The large magician in ‘Case of the Missing Hare’ is the first of many particularly large adversaries Jones gave to Bugs, all bullying the rabbit into action. Thus, the magician is the direct forerunner of e.g. the warehouse keeper in ‘Hare Conditioned‘ (1945), the crusher in ‘Rabbit Punch‘ (1948) and Giovanni Jones in ‘Long-Haired Hare‘ (1949).
‘Case of the Missing Hare’ shows that by the end of 1942 Chuck Jones’s mastery over material had become fully realized. The cartoon features his typical character designs, extravagant key poses, original camera angles and sense of design. The latter is exemplified by background artists Gene Fleury and John McGrew’s very unnatural backgrounds. In the first part we watch pink trees and yellow skies. In the second part they got even bolder, reducing the backgrounds to abstract forms in two colors, only.
In its typical and original design and cinematography ‘Case of the Missing Hare’ looks forward to Jones’ mature work of the late forties and fifties.
Watch ‘Case of the Missing Hare’ yourself and tell me what you think:
This is Bugs Bunny cartoon No. 14
To the previous Bugs Bunny cartoon: The Hare-Brained Hypnotist
To the next Bugs Bunny cartoon: Tortoise Wins by a Hare
Director: Friz Freleng
Release Date: March 28, 1942
Stars: Bugs Bunny, Elmer Fudd
‘The Wabbit Who Came to Supper’ was Friz Freleng’s second Bugs Bunny cartoon, only, but he understood the brassy character completely. The highlight of the cartoon is the scene in which in the middle of a chase a clock chimes and Bugs bursts into a convincing New Year routine… in July. This scene not only shows the fresh character’s overpowering personality, it also shows Bugs Bunny’s ability to produce necessary attributes out of nowhere, this time confetti and streamers.
Bugs’ design, however, is rather unappealing and uncertain in this cartoon. And Elmer Fudd, too, has the less appealing alternate fatty design, which Robert Clampett had introduced in ‘Wabbit Twouble’ (1941). Luckily, this design was short-lived and lasted only four cartoons.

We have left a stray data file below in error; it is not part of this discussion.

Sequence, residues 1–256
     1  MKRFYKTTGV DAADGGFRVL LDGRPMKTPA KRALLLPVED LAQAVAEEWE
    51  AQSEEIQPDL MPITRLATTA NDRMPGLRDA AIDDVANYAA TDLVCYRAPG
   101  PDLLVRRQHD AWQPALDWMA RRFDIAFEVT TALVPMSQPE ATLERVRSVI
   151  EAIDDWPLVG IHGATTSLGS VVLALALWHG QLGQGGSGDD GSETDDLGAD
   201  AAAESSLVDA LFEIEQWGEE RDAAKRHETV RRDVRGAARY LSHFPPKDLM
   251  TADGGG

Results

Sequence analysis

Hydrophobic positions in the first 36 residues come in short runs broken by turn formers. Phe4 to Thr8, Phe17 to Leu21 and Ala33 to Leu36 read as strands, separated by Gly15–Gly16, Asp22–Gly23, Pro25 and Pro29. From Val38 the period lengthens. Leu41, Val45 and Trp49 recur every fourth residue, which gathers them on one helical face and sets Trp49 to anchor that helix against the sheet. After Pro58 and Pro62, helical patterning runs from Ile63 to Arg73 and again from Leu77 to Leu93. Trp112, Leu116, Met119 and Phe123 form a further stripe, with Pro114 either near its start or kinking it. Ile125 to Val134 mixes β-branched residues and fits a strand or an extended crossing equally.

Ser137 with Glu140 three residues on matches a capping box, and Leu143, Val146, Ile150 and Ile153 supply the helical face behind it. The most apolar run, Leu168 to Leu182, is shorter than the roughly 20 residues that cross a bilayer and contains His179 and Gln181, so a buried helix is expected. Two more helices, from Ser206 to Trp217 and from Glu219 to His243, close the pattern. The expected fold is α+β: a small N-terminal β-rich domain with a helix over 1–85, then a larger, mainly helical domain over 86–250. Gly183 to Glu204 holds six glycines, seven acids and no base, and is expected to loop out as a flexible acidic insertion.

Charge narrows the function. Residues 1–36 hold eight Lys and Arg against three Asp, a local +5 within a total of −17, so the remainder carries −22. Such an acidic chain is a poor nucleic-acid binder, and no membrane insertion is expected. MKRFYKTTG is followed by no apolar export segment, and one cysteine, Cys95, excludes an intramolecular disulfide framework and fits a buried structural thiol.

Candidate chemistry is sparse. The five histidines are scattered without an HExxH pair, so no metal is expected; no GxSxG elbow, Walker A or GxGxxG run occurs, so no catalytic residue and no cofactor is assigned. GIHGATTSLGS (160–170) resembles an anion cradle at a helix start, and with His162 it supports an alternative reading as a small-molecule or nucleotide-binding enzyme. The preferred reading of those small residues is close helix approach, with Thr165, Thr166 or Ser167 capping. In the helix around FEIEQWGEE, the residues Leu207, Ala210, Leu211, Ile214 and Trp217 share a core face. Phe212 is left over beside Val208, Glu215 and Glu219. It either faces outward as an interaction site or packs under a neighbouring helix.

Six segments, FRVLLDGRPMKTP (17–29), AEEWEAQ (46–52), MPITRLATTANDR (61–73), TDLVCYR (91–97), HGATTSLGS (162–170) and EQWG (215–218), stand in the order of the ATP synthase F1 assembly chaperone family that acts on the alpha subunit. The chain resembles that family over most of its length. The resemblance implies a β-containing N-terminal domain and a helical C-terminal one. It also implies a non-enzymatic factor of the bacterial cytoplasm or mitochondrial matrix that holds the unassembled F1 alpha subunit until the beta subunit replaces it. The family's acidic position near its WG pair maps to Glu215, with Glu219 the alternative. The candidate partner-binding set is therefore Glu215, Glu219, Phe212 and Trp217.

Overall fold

Two years later Hanna and Barbera would use the same plot idea in the Tom and Jerry cartoon ‘Million Dollar Cat’ (1944) with even better results.
Watch ‘The Wabbit Who Came to Supper’ yourself and tell me what you think:
This is Bugs Bunny cartoon No. 8
To the previous Bugs Bunny cartoon: Wabbit Twouble
To the next Bugs Bunny cartoon: The Wacky Wabbit
Director: Chris Wedge
Release Date: March 15, 2002
The Ice Age itself is depicted well, with lots of crispy ice and snow, and a fauna that matches the period. We watch various North-American ice age mammals, like mammoths, ground sloths, saber-toothed tigers, Glyptodonts, and even the South American species Macrauchenia (which looks like a llama with a trunk). The only mishaps are the two Brontotheres, mistakenly referred to as “rhinos”, a group of species that had died out 34 million years earlier. Fortunately, the makers didn’t fall for the trap of making dinosaurs co-exist with early humans (although we see one trapped in the ice, in a scene that is nonsensical anyhow).
‘Ice Age’ was Blue Sky’s first feature film and it posed serious competition to Dreamworks and Pixar with a different, yet equally interesting style of computer animation, which was more based on caricature, exaggerated animation and angular designs. The latter unfortunately lead to rather ugly designed humans.
The story of ‘Ice Age’ has uncanny similarities to the computer animation successes of 2001, ‘Shrek’ (a moody giant and an annoying chatterbox travel together), and ‘Monsters, Inc.‘ (strange creatures trying to get a little human kid home). So in this respect, the film tells us nothing new. Its extras can be found in the cartoony character Scrat, whose antics bridges the main action, and in the numerous gags on evolution.
The highlight of the film, however, is the 2D animation of mural paintings depicting Mannie the mammoth’s painful memory of the loss of his wife and son. This is a stunning tour-de-force of both daring and emotional animation, still a rare feat in computer animated feature films.
‘Ice Age’ was a huge success, and has spawned a number of sequels, none of witch mastered to keep the lean storytelling of the first film. Moreover, the stories had less and less to do with the ice age setting. Even worse, in ‘Ice Age 3′ dinosaurs had to come along, after all…
Watch the trailer for ‘Ice Age’ yourself and tell me what you think:
Director: Bruno Bozzetto
Release Date: October 31, 1968
‘Vip mio fratello superuomo’* is Bozzetto’s second feature, and it a great improvement on his first (‘West and Soda‘ from 1965).